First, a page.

Reflection as a Learning Tool

If you’ve been in class recently, you’ve almost certainly heard me talking about the book Make It Stick: The Science of Successful Learning. The book is a concise compilation of the last 3 decades of research in cognitive psychology around learning. In other words, the text examines what learning methods produce measurable results.
One of the methods that produces tangible results for students is reflection. Simply put, reflection is taking a moment after learning new material and trying to synthesize it for yourself. In the case of martial arts classes, this usually means talking to your fellow students or your teacher for a moment at the end of class and hashing out what you got out of the day’s session.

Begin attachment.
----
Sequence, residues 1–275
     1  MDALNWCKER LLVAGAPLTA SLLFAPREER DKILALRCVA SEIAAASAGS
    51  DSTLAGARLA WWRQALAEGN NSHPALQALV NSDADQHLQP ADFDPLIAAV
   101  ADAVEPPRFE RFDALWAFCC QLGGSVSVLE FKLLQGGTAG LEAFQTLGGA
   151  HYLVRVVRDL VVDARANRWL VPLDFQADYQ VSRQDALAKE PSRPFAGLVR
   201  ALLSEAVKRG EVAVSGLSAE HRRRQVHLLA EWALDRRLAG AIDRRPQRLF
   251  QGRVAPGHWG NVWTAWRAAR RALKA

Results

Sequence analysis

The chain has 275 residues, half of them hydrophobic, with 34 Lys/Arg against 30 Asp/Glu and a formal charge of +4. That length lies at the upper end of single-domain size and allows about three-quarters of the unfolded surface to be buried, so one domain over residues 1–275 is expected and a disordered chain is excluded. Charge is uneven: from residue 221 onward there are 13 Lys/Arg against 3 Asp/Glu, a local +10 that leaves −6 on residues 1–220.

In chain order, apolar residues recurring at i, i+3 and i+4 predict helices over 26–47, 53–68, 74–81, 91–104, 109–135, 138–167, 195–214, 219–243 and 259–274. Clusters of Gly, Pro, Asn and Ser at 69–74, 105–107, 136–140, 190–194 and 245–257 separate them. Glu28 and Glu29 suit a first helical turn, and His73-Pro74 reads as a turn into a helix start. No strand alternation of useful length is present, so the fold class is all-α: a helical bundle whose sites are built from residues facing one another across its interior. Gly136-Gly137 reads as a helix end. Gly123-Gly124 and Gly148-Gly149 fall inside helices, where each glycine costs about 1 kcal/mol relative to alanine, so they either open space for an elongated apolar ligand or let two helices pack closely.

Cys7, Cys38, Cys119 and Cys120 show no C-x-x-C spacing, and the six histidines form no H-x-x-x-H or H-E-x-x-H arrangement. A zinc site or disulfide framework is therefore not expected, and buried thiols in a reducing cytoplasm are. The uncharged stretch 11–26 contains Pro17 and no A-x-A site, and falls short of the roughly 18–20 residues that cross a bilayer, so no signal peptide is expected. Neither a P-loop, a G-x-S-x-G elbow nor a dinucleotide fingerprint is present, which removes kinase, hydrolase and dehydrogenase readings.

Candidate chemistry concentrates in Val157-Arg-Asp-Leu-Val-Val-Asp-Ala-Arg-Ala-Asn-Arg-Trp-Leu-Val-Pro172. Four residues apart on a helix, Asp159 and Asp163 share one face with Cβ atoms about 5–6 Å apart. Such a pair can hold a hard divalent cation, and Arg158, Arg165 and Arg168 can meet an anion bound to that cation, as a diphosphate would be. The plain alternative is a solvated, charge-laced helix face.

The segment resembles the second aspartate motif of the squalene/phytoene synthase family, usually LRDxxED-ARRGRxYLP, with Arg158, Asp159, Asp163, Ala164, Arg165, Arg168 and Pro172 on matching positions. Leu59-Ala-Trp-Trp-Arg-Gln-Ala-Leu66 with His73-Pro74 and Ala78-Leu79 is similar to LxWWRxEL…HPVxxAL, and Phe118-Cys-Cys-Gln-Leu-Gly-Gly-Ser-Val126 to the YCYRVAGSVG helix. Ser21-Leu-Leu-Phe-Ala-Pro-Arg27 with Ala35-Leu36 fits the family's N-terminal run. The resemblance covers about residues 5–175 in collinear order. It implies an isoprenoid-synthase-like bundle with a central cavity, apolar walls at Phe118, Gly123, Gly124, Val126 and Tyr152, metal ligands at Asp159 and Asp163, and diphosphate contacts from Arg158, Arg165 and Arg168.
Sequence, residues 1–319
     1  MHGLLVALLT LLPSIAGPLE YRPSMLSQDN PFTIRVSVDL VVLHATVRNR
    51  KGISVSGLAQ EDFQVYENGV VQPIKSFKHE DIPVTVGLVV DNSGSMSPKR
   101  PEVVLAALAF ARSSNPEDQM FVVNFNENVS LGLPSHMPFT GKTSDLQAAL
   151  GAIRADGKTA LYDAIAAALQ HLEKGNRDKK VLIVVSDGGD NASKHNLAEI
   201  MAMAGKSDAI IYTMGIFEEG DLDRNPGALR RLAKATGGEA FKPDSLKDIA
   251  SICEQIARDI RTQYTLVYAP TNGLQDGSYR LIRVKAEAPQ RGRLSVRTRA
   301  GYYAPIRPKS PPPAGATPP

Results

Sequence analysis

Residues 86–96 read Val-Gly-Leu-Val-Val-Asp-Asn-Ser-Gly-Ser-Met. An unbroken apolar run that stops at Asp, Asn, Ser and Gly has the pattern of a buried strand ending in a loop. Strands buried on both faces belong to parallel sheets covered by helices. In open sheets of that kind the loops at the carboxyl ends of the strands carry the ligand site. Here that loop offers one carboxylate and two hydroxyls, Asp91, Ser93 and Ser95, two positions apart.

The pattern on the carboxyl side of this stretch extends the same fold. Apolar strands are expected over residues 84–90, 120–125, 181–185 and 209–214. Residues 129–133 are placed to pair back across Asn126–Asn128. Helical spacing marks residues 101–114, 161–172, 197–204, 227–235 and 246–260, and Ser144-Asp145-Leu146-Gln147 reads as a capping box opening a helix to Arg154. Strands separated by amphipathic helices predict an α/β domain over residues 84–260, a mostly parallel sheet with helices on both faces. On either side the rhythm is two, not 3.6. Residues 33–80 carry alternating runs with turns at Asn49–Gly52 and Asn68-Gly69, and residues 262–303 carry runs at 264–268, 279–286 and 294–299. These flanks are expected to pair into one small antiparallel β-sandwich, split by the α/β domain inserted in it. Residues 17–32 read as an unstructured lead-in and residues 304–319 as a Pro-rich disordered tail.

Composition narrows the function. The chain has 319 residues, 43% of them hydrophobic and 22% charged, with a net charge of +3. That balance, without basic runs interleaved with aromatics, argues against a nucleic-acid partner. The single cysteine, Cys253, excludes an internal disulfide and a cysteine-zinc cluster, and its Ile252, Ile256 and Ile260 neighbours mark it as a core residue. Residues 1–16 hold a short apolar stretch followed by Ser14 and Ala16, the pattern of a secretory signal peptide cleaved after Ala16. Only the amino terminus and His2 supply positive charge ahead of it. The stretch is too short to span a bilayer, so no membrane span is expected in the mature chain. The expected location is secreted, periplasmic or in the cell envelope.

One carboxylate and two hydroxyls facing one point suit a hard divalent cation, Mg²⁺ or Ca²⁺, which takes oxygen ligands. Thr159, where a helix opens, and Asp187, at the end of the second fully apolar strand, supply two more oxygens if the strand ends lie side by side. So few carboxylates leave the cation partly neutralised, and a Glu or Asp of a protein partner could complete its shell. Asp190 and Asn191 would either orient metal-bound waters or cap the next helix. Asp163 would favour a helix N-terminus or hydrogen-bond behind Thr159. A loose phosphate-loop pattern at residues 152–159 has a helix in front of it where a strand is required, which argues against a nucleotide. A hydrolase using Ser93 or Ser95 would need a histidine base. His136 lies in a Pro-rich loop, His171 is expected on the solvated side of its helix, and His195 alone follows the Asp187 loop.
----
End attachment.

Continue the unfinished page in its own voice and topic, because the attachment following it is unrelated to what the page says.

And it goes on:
The process of reflection helps students put the material into their own words, making them more likely to be able to recall and use the information at a later date. This process of committing new material to memory will be even more successful if students can relate the new material to something they already know.
So, take the time after class to talk about what you learned. Sum up the important parts. Sum up what worked for you and what didn’t. Talk about how you might change things to make the strategies or techniques work better for you next time. Try and relate the material to something you already have a strong grasp of. Reflect.
If nobody has the time to chat, no worries! You can always grab a piece of paper, your phone, or your tablet and write down your thoughts.

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